Facilitator: Judge Ronald Whyte, Senior United States District Judge, Northern District of California
Judge A. Howard Matz, Senior United States District Judge, Central District of California
What lawyers should do to make disputes more meaningful to the judge. The process of achieving an appellate decision is radically different from the trial level. Not just the benefit of 3 minds; the record is frozen; no preliminary injunctions/other matters making the trial judge’s job challenging. On any given day he was working on a copyright case, it’s highly likely that at some point that day he was also imposing a sentence in a criminal case or doing other criminal proceedings; dealing with a copyright case in a quick manner fairly and impartially when the stakes/status of the litigants is so different—David and Goliath; we get a lot of subpoenas when the user turns out to be a teenager seeking music noncommercially. We have a flood in the Central District who aren’t represented by lawyers. Not new to have pro se plaintiffs, but new to have pro se defendants, due in part to collapse of housing market and removal of eviction proceedings to federal court but also due in part to IP. Some firms are going after little people; judge has obligation to look for the merits, but it’s not comfortable.
All of this is going on while you’re dealing with the niceties/complexities of the DMCA. Very often the judge who has to address your dispute is doing so without much guidance from above in the way of precedent. Good idea to ask the judge what they’d like you to focus on. Is it new technology? Is it implications for broader economic considerations? Is it the words of the law? Can be hard to prepare, but if it works, it will really help you help the client and the judge.
Told story of a case in which the defendant was allegedly using stolen source code. Was baffled; in that case, he did something rarely done but potentially terrifically helpful: appointed his own expert after a hurried procedure inviting both sides to recommend people for his consideration to teach him some basics about the source code. The experts were very accomplished—academics from established universities. Did try to at least have more than a working familiarity with the basics/fundamentals, sitting side by side with a UC-Irvine professor. We did that over weekends. Process of deciding who should pick should involve lawyers. We kept a record of our communications, maintaining those notes and allowed lawyers to request production though they didn’t. Learned enough to preside over the case. At the end, he asked the expert for his view (sealed) and he looked in the sealed envelope after making his decision—he ended up disagreeing with the expert.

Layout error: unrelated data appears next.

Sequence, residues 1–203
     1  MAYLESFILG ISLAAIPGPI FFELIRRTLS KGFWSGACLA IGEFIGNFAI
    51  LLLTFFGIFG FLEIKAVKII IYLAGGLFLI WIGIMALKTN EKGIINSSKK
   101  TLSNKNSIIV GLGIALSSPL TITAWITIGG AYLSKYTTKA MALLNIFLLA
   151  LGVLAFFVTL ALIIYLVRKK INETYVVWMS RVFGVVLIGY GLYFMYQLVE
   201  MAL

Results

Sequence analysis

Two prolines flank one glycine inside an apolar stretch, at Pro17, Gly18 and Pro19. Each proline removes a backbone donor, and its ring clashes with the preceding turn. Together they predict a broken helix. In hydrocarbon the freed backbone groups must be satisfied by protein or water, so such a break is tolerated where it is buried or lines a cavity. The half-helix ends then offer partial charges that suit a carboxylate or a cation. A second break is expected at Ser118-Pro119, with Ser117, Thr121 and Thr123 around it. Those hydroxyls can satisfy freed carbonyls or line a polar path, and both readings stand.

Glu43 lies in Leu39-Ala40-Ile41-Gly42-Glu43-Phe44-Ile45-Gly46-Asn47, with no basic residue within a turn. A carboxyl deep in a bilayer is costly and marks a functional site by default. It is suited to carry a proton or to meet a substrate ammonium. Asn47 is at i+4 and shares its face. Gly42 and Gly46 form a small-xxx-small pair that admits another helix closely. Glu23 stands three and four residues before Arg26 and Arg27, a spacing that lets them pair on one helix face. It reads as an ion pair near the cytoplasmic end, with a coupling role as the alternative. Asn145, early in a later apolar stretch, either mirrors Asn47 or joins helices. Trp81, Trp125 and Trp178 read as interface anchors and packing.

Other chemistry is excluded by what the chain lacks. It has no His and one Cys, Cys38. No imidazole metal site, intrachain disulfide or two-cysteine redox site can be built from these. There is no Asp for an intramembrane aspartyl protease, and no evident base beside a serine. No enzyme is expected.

Variants are available to judges—can have not a technical adviser for the court with the right to communicate off the record or court-appointed experts testifying in court. More common in patent cases.
Kramer: you presided over Perfect 10 and UMG; did you know their significance?
J. Matz: knew it would go up; it’s rare for a district court to create a precedent without appellate review. Very often judges make decisions that need to be made, even though they’re not comfortable making them—sometimes they think that if they’re wrong, the court of appeals will reverse them; sometimes they just have to act. It’s not comfortable to issue a ruling no matter how hard you’ve worked when you know that you don’t know the full record the way you would’ve known it if you were a lawyer on one side. Must make choices about how to spend time.
Tyler Ochoa: Frequent 512 issue is what “knowledge” means.
J. Whyte: I didn’t think knowledge was a big issue in Netcom. “Knowledge” was used without having to resolve exactly where the knowledge was; tough question.
J. Matz: can arise in terms of the adequacy of takedown notices. Has been frustrated in a case with more than 30,000 works were the subject of an infringement claim, and many works infringed many times; issues of TM too. Issues with adequacy of notice as well as adequacy of assignments/ownership claims. How do lawyers get their arms around such sprawling facts? Knowledge is a spectrum.
Monahan: start with common sense. A general claim that there’s a bunch of infringing stuff on your site—if that’s sufficient, the DMCA is worthless. If someone can send a letter saying “take this item down and all future items of this sort” and have that be effective, that could also shift the monitoring burden to eBay. Very hard for eBay to have actual notice outside of DMCA—it would always be red flag knowledge unless an eBay employee knew the guy who was posting the illegitimate stuff.
Whyte: what if it’s something that’s often counterfeited?
Monahan: unofficially, yes, we went as far as we could with proactive, voluntary searching to figure out non-brand-specific terms for counterfeiting—slang terms that we learned over time were indicia of piracy, e.g., “silver discs” in music (? This might be slang I misunderstood). But at the end of the day, if there’s no indicia on the face of it we have the rights owner make the call. We apply the same approach with TM; worked so well in copyright that we did it in TM too. Have reached out to some owners for help with indicia.